The use of LSD among drug users has increased significantly in Australia over the past year, figures show.
Yesterday, police charged a Gold Coast mother after her daughter was taken to hospital on Monday after swallowing an hallucinogenic drug, believed to be LSD.
The girl, 4, was taken from her Coombabah home to the Gold Coast Hospital, and doctors alerted police. The toddler remained in a serious but stable condition yesterday.
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An annual survey of regular ecstasy users, taken earlier this year, found 46 per cent had also taken LSD within the past 12 months.
That number is markedly higher than last year, when the figure was 38 per cent, and has been steadily climbing since the 2003 survey of ecstasy users (28 per cent).
The study, undertaken by the National Drug and Alcohol Research Centre at the University of New South Wales, noted there had been a "significant increase" in recent use of hallucinogens across the Australian population in general.
The number of Australians aged over 14 who have tried hallucinogens such as LSD stands at 8.8 per cent, according to the 2010 National Drug Strategy Household Survey, released in July.
And Australians who had recently used hallucinogens increased from 0.6 of the population in 2007 to 1.4 per cent in 2010, according to the survey.
Fairlie McIllwraith, senior research officer with the Queensland Alcohol and Drug Research and Education Centre, said there had been an increase in LSD use lately.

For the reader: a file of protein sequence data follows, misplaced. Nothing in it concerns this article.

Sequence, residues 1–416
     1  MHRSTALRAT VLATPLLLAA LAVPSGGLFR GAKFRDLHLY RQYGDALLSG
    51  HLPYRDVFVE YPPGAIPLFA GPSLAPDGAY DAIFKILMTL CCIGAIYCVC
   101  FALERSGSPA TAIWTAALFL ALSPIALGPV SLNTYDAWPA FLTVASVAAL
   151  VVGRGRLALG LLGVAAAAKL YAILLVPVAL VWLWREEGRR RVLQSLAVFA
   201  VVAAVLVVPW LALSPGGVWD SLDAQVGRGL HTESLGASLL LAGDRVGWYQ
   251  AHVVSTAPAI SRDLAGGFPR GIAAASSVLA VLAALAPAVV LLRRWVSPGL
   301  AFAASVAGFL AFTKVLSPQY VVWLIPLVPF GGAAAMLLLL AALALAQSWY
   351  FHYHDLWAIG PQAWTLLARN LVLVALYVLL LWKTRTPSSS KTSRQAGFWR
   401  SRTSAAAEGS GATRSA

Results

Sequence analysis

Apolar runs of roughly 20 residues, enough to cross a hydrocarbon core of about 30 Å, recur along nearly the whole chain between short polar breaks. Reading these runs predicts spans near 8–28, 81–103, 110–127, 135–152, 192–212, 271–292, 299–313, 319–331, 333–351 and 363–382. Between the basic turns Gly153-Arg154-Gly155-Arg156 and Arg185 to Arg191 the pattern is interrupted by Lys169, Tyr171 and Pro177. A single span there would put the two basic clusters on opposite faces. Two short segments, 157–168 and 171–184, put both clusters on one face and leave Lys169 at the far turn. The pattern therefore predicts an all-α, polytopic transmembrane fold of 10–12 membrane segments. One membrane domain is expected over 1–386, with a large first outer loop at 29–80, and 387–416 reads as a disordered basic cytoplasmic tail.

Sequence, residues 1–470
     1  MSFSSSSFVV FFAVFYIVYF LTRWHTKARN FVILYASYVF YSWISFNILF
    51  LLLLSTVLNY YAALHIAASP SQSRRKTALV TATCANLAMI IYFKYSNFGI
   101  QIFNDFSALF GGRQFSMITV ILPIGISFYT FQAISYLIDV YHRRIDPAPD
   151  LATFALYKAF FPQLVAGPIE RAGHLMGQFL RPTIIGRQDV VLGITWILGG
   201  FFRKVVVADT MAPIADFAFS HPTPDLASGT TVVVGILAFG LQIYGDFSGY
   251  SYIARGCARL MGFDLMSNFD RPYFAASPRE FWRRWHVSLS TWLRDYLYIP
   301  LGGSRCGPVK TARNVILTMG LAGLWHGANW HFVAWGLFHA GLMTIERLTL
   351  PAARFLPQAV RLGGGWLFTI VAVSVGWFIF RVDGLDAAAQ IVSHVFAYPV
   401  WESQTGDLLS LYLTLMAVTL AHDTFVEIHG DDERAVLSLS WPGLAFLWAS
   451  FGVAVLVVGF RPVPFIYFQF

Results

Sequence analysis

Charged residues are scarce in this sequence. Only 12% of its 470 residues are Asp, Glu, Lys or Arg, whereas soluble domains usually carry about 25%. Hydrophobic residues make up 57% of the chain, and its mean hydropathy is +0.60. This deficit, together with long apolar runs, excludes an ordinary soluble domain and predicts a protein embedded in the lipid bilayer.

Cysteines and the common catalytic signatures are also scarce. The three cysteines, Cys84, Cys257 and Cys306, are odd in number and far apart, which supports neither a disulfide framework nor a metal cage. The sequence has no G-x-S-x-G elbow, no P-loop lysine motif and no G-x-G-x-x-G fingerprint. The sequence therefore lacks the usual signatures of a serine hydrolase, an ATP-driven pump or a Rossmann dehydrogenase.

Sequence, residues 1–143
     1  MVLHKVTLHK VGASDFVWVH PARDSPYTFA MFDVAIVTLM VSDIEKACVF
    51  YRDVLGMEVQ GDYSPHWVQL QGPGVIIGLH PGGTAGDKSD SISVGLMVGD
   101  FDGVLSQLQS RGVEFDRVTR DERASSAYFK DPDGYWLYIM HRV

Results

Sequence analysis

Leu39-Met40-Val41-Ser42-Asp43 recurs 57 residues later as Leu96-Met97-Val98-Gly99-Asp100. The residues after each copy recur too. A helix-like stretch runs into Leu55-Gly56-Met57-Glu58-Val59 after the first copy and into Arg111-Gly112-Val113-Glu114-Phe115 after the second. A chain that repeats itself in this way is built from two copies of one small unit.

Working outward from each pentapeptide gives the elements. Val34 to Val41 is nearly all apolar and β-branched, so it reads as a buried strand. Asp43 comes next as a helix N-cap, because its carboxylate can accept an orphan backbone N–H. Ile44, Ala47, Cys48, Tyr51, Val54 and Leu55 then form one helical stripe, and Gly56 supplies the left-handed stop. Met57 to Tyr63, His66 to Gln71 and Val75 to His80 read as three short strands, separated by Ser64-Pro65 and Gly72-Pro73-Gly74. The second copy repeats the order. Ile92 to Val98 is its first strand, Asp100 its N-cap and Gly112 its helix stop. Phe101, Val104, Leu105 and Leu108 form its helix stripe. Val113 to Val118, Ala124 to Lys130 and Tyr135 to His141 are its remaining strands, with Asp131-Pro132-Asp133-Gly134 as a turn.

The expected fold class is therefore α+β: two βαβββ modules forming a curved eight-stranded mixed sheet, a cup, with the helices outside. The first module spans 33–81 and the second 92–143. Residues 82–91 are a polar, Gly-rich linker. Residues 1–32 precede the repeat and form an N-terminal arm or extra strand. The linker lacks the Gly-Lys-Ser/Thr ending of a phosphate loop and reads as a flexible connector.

"LSD is reasonably inexpensive for the effect that [users] get from it," she said.
"It has increased in popularity recently. It's not that people are using huge amounts or regularly but more people are using it, it's just an upward trend."
In Australia, illicit drug use has risen from 13.4 per cent prevalence in the population over 14 in 2007 to 14.7 per cent in 2010, according to the National Drug Strategy Household Survey, and ecstasy and cannabis remain the most commonly used illicit drugs.
Australian Medical Association president Steve Hambleton said while general practitioners like himself did not often see patients affected by drugs like LSD, he had seen anecdotal evidence its popularity was increasing.
"There are certainly reports that nearly 10 per cent of people in the US have tried it, and it's now becoming popular in high schools," Dr Hambleton said.
Claire Gardener, of Drug ARM's Queensland centre, said the organisation had not seen any indication of increasing LSD use, however they were not specifically researching it.
"That doesn't mean it's not prevalent in communities," she said.
The price of a tab of LSD ranges from $15-$25 in Australia, according to the Trends in Drug Use and Related Harms in Australia 2001 to 2011 report, published earlier this year.
While the report didn't break down specific statistics on LSD use, it noted the drug was reported by users to be "relatively easy to obtain", and was taken at home.
"LSD was mostly reported to have been obtained from friends and used in private locations such as the participants' own homes or friend's homes," the report said.
LSD - or lysergic acid diethylamide - was synthesised in 1938 by Swiss chemist Albert Hofman, who only discovered its psychedelic affects in 1943. It was introduced as a drug in 1947 and used in psychotherapy and recreationally in the 1950s and 1960s, remaining legal in the US until 1968 and in Switzerland until 1993.
November 16, 2011